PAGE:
As a freelance producer, I come into contact with colleagues from across the theatre sector. And, of course, coronavirus is the number one topic. Marketing people in mid-scale venues are bemoaning not just a drop in audience numbers but cancellations from the ‘gold-dust’ critics they have been wooing for months, and frazzled front-of-house staff are hastily plastering-up public health signs.
However, there is hope when you have a industry that is as varied and innovative as ours. Theatre will win out.
There could be workarounds. How about live-streaming closed-door performances? That way, you can attend virtually, even if you are sick or in isolation – performers and crews would be able to keep working and receive an income.
It won’t be the same experience, but it might be a way to get new audiences from the digital generation – they may come to the theatres when this difficult time ends.
To all the talented people in the performing arts, I would like to thank you for sharing your profound talents with us. Stay safe, healthy and positive. When this is all said and done, I (and others) shall look forward to experiencing all the enlightening entertainment that everyone from composers, to leads and lightening technicians have to offer. This is not the final curtain.
Rest in peace Roy Hudd. A gentleman who was so nice to my mother-in-law when she thought she knew him and greeted him like a long-lost friend. She kind of did know him – he was in her front room on TV three times a week.
It is such sad news. He was a lovely man, a brilliant actor and comedian.
It depresses, but does not surprise me that the University of the Arts London has decided to close the Drama Centre (‘Drama Centre to close following damning review’, March 12, p1). Despite the disingenuous list of reasons given by the university’s senior management, in my view, this iconic conservatoire has been closed because the courses were too expensive.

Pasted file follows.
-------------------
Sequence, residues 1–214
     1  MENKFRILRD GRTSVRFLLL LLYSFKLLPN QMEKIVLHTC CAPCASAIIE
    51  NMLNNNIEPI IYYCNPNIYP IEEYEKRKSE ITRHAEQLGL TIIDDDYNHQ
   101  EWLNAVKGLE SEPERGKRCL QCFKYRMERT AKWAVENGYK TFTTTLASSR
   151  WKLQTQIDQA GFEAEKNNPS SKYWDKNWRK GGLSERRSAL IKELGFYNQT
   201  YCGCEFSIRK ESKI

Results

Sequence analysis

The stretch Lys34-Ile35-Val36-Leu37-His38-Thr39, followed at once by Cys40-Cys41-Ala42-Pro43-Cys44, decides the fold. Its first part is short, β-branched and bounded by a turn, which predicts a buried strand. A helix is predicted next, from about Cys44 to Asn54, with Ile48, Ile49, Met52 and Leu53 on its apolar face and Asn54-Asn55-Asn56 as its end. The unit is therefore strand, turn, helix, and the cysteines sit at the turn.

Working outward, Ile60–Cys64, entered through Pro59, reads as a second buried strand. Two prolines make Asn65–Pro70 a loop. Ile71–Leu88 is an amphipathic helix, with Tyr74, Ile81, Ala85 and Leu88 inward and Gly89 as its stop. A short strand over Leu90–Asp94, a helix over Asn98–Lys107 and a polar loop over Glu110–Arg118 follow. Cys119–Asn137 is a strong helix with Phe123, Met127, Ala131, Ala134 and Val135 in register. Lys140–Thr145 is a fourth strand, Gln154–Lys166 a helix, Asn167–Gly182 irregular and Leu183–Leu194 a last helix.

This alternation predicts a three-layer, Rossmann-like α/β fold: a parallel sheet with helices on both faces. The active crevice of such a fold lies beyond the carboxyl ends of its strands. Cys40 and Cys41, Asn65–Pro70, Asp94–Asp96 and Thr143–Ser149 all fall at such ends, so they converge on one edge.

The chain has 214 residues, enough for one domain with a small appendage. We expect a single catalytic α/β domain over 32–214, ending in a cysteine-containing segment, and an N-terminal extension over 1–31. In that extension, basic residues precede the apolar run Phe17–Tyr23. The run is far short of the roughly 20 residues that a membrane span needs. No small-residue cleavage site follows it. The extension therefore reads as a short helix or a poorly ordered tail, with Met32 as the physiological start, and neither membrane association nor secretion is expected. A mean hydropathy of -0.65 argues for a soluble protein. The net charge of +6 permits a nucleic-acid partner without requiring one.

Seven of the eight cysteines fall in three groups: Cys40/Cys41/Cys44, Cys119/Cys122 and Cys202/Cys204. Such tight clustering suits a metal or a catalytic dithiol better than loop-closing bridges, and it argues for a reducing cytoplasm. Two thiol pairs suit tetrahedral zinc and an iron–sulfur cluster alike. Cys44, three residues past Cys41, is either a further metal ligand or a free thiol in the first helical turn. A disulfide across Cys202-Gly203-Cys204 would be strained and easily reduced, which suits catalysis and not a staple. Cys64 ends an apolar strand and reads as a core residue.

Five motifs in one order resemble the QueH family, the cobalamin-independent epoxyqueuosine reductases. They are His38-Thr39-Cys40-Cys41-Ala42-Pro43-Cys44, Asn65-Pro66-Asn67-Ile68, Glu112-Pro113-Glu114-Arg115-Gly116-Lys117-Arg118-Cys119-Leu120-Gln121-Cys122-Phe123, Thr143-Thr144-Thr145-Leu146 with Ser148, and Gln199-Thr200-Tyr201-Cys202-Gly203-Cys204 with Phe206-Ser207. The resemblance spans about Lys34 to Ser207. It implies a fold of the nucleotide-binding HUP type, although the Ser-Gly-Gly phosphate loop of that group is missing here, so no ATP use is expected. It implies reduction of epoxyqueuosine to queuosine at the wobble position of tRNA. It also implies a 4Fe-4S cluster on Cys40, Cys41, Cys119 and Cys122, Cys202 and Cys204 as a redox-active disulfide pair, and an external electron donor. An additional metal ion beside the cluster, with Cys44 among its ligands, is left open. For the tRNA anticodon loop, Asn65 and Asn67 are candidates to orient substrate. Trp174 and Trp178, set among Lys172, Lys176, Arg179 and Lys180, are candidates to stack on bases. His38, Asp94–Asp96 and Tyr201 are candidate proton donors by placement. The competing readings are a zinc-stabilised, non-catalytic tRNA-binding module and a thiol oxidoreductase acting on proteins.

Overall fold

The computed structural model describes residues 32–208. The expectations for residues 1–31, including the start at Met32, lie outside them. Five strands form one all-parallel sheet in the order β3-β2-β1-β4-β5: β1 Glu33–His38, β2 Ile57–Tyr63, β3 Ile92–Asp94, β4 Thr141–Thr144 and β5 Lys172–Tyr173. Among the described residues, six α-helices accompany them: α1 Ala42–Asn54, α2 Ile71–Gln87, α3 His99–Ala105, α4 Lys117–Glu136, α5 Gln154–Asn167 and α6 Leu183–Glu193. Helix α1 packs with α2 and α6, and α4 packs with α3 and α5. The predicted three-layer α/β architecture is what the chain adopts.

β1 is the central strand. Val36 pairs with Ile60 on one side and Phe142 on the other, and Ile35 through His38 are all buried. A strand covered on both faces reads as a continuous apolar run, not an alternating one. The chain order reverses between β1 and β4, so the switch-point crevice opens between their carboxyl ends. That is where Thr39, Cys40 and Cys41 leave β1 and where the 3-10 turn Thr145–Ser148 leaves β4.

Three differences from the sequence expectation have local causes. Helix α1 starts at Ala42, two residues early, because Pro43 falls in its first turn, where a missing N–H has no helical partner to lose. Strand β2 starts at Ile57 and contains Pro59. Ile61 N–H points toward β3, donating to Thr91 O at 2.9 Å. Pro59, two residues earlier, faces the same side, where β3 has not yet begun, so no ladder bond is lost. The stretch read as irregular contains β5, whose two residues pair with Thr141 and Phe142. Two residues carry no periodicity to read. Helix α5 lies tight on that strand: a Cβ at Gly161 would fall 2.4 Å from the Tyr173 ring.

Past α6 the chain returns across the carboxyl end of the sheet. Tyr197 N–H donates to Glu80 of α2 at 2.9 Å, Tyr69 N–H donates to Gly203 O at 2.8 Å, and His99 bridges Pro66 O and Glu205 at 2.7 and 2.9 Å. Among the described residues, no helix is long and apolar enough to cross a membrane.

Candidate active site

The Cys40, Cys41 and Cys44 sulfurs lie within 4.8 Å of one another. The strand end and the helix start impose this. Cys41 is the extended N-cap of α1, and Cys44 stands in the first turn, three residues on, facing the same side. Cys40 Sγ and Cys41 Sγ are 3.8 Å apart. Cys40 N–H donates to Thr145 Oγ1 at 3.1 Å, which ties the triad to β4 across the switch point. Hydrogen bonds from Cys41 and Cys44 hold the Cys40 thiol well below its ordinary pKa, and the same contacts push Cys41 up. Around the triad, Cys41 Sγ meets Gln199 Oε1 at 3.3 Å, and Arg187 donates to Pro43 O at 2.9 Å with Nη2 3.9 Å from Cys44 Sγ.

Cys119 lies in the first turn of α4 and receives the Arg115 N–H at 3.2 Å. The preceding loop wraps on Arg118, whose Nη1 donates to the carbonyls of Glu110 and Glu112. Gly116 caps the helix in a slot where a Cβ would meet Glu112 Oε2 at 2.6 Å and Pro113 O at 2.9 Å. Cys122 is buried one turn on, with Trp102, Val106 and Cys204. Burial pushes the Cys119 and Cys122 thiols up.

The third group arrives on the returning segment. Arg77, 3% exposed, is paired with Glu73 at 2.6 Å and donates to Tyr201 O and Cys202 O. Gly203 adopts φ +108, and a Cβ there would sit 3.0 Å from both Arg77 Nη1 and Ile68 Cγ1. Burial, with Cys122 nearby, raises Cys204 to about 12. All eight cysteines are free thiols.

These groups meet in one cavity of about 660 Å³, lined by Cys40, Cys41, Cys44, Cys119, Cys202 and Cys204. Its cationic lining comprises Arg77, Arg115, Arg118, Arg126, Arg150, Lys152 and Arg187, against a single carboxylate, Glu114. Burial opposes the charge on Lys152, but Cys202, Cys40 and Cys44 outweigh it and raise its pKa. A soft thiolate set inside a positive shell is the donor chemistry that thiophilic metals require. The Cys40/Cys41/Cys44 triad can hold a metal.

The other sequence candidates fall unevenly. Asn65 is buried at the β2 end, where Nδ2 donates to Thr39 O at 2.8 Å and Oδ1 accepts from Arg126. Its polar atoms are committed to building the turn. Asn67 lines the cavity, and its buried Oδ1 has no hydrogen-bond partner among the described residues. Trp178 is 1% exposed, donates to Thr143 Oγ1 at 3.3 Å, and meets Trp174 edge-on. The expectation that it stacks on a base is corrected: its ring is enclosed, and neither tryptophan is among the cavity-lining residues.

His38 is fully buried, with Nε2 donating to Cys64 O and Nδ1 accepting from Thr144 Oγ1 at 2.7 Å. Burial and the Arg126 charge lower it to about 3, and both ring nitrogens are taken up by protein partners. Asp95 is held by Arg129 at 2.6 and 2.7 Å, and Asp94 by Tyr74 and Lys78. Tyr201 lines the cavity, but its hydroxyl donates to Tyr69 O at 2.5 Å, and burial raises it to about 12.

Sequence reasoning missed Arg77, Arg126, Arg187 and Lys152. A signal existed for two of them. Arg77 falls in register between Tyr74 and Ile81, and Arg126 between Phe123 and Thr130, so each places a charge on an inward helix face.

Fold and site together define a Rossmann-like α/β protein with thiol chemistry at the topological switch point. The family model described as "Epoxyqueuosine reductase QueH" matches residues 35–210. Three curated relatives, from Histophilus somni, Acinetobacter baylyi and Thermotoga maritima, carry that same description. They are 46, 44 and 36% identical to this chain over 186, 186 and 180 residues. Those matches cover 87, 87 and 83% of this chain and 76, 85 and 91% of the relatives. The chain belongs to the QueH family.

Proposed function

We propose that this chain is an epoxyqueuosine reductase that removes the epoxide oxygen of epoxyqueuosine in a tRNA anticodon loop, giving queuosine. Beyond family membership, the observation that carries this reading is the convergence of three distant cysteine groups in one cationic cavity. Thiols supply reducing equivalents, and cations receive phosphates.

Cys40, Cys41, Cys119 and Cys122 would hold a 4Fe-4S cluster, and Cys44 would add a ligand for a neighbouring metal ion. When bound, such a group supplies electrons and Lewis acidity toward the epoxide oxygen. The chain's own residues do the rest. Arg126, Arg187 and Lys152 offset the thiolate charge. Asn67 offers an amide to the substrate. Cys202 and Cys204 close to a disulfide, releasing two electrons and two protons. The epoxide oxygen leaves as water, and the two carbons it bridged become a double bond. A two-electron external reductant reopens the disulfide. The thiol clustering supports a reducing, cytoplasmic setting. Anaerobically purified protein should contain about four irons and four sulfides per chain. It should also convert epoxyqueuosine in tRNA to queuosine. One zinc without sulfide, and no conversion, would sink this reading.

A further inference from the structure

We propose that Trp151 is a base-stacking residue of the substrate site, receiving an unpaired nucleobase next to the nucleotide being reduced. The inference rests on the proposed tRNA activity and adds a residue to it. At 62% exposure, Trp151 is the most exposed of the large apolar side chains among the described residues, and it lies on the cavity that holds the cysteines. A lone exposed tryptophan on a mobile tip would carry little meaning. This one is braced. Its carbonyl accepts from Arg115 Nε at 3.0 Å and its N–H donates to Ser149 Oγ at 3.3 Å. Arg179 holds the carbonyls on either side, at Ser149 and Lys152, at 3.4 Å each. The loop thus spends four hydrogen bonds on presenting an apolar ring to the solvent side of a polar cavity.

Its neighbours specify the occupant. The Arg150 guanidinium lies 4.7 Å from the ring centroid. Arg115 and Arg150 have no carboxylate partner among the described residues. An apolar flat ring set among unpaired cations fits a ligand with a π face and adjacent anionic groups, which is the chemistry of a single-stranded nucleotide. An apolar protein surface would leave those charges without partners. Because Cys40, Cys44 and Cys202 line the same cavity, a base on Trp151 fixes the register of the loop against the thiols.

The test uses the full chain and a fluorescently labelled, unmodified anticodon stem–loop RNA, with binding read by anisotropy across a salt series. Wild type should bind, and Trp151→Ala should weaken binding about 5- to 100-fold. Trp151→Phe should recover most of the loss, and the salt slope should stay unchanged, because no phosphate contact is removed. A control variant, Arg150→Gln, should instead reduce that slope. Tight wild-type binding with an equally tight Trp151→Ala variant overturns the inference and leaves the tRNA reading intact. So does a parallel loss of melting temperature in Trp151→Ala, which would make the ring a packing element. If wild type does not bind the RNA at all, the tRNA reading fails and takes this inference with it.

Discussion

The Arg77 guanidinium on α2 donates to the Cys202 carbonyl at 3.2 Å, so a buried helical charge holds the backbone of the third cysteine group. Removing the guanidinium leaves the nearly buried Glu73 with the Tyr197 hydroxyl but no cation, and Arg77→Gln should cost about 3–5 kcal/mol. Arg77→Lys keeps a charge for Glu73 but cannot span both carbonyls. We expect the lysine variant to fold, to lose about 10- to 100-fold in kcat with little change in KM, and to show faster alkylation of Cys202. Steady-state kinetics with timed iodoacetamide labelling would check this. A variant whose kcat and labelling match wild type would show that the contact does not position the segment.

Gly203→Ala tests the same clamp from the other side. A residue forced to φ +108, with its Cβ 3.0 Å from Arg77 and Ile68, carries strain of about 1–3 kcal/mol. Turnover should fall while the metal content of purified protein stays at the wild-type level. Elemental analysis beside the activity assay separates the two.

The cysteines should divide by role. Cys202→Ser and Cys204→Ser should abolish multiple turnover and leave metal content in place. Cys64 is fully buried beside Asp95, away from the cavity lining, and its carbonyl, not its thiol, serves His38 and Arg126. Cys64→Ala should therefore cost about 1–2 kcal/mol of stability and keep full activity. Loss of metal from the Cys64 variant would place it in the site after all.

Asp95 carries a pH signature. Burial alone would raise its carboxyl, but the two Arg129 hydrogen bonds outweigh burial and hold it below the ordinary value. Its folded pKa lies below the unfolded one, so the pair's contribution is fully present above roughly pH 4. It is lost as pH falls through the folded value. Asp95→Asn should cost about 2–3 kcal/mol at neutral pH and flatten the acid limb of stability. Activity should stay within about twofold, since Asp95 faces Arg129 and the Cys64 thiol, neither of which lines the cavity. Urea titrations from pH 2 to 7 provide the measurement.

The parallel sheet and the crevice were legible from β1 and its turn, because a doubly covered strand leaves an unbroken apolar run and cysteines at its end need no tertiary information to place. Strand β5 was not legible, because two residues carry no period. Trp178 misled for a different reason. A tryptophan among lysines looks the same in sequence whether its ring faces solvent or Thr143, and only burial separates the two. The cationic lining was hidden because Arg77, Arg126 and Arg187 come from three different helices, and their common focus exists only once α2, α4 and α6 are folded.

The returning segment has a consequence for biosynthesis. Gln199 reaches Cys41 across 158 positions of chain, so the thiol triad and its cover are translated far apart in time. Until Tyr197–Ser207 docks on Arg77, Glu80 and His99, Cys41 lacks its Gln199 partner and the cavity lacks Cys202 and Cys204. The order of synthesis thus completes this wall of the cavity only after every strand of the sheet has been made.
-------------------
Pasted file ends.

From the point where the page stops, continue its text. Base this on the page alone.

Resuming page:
Why were they too expensive? Because at Drama Centre they taught practical skills, using high-quality acting, voice and movement teachers. Excellent teaching costs money, and despite the arrival of the teaching excellence framework, the university model of education is increasingly reliant on self-directed learning.
The relentless, creeping reduction in teaching hours, and the removal of resources is a pattern I suspect many conservatoires may find themselves facing as larger institutions look to make sweeping savings due to the government’s absurd policy of marketising education.
I hope Drama Centre is not simply the first of many, and that the cultural heritage of our internationally admired training establishments is not compromised by the same forces that have seen arts and humanities courses being decimated across the sector.
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“People from other industries may be looking on thinking this won’t affect them. The problem is [Boris] Johnson, getting away with this, will turn on you next. He cares not one jot for anyone, any trade, any profession, any community other than himself: hasn’t that penny dropped yet?” Composer Howard Goodall reacts to the prime minister’s advice to the public to avoid theatres (Twitter)
“What would be lovely is, if, in the weeks and months to come, we could all remember the sense of solidarity we felt tonight.” Critic Fiona Mountford (Twitter)
“We will support each other and we need to find new ways for those vulnerable with freelance and casual work.” Artistic director Vicky Featherstone on closing the Royal Court (Twitter)
“Incredibly hard decision, but the right one tonight. Utterly unsupported by the government who put the decision to close firmly in our hands. We have a responsibility to our company and audiences to put them first.” Co-artistic director of Royal Exchange Theatre, Manchester Bryony Shanahan (Twitter)
“The more I think about Boris Johnson’s actions, the more furious I am. Refusing to make the closure of pubs, theatre and restaurants a directive, he invalidates our insurance and removes our income.” Actors Touring Company artistic director Matthew Xia (Twitter)
“We all have examples of things that felt devastating, insurmountable and made us feel frightened… But by working together and supporting each other, everything can be rebuilt.” Artistic director Battersea Arts Centre, Tarek Iskander (Twitter)
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